Also in that envelope will be photovoltaic glass, with integrated solar cells that convert solar energy into electricity and therefore power for that building. The technology involves placing solar cells between two glass panes, with each individual cell having electrical connections to other cells in the module. One of the first applications was installed in the Tiger Woods Learning Center in Anaheim, California.
However, all of these glasses have to be looked at in terms of the complete glass and glazing system, rather than in isolation because, for example, heat loss can be greater from the frame than through the glass. In other words, in calculating thermal insulation, both the glass and its supporting frame need to be considered.
Glass is still pushing the boundaries, incorporating new technologies to deliver ever more intelligent products and systems. For example, low reflective glass aimed first at the motor industry as a significant advance in automotive safety is now available in large stock sheets, and in either laminated or toughened format.
Still on the subject of safety, another avenue for research has been the development of glass types to mitigate against fire and other threats. Let’s remember that it was only twenty or so so years ago that the only fire glass on the market was wired glass. Effective, yes, but utterly ugly – and not good if you accidentally put your hand through it.
Today’s modern glass composites have near-perfect optical quality and can stop a fire for two hours or more, prevent bullets from passing through – and, as we at Wrightstyle know, can withstand the detonation of a high explosive charge. As part of our comprehensive testing regime, we recently and successfully tested one of our systems against a blast from 500kg of TNT-equivalent explosive, equivalent to a lorry bomb.
Once again, any life-safety application for glass must look at both the glass type and its framing system. Both must be compatible, and have test certification for compatibility, because a high-performance glass is only as good as its framing system, and vice versa.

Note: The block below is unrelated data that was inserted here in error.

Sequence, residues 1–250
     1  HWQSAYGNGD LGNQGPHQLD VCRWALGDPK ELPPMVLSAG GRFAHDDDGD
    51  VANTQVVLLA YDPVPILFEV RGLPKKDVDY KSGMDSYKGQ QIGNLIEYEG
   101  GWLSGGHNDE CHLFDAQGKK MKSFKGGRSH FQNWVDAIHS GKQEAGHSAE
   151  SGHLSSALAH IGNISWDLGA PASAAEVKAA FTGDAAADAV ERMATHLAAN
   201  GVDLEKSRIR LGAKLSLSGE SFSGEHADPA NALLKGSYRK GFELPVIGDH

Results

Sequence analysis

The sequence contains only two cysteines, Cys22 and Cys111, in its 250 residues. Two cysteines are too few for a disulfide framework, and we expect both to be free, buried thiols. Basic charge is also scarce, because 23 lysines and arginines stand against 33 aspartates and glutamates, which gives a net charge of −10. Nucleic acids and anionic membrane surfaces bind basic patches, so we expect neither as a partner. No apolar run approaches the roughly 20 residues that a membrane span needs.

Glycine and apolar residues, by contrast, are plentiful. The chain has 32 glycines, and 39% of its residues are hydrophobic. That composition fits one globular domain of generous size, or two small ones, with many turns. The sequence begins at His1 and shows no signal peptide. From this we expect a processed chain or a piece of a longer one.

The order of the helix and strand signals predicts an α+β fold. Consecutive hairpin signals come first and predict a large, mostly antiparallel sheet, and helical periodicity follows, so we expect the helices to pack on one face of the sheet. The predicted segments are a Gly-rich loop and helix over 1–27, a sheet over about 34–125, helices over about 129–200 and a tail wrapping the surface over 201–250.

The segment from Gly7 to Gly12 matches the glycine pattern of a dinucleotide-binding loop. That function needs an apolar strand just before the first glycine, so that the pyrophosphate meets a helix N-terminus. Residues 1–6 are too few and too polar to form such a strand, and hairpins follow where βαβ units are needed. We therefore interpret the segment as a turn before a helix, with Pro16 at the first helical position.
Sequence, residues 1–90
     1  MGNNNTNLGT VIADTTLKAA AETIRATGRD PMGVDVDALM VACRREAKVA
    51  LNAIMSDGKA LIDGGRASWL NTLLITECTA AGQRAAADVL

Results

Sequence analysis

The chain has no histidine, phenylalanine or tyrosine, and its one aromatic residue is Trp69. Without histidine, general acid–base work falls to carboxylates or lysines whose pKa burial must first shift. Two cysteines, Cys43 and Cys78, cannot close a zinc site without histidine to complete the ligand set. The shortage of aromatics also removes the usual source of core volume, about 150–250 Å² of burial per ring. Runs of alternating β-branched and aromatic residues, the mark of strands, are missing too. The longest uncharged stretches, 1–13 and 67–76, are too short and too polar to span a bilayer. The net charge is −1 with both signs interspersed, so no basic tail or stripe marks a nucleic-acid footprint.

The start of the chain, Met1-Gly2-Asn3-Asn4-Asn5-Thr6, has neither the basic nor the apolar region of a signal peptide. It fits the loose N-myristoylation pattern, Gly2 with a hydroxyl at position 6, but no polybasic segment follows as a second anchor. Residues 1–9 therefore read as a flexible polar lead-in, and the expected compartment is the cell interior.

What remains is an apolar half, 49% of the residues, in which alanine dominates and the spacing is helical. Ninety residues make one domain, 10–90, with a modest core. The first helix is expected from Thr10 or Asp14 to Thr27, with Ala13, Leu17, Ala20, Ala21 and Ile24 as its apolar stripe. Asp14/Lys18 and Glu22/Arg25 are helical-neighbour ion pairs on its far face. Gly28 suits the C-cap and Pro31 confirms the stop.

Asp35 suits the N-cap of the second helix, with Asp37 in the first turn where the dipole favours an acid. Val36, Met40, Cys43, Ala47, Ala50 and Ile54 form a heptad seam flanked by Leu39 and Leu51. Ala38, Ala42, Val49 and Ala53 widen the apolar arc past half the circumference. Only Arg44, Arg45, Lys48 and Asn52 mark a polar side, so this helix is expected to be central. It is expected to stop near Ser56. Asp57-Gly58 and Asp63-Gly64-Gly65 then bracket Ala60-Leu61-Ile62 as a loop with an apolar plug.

These, therefore, are the kinds of technologies and processes that today’s glass and glazing systems can incorporate – reducing heat loss or gain, and balancing carbon emission with energy generation. However, the next big thing in glass technology is fast approaching – the new dawn of nanotechnology.
This is the technology that will allow scientists to create things that are fantastically small. In the near future, for example, an area the size of a postage stamp will be able to store a terabyte (1,000,000,000,000 bytes) of data, roughly ten hours of HD video.
Every aspect of our lives will be touched by nanotchnology – from communications to every manufacturing process, from super-efficient lightbulbs to super-efficient power-stations. Aeroplanes will be lighter and stronger, cars non-polluting, and medicine’s ability to detect and treat illness will be revolutionised.
Nor is it the stuff of science fiction. Already, there are clothes on the market made with nano-particles that are stain-resistant, golf clubs that are lighter but able to drive the ball further, and automobile components that are stronger. In Australia, 60 per cent of sunscreen is now manufactured using nanotachnology.
In the glass industry, it has already led to molecular coatings to repel water and dirt and, as nanotechnology further miniturises the very small, evermore efficient glasses and photovoltaic cells that will generate much larger amounts of electricity – in huge spans of nanotech glass not yet possible.
But nanotechnology isn’t just the future. It was invented in Europe centuries ago. Early medieval glaziers, using molten gold to decorate stained glass were not only making the first sputter coated glasses, they were also producing nanoparticles.
The art of the medieval glazier was, of course, simply to create decoration and encourage religious devotion. However, tiny particles of gold, when energised by the sun, destroy harmful airborne pollutants like volatile organic chemicals (VOCs).
In the process, the sunlight’s electromagnetic field interacts with electrons in the gold to create a resonance. This excites the gold nanoparticles that then break the pollutant molecules into relatively harmless carbon dioxide gas.
So it’s nice to know that the glass industry has been at the forefront of advanced molecular science since the Middle Ages, even if it still doesn’t know whether glass is more closely related to a dry martini or a skyscraper.
Lee Coates is the technical director of Wrightstyle Limited, an international supplier of integrated steel and glass systems with an international client base.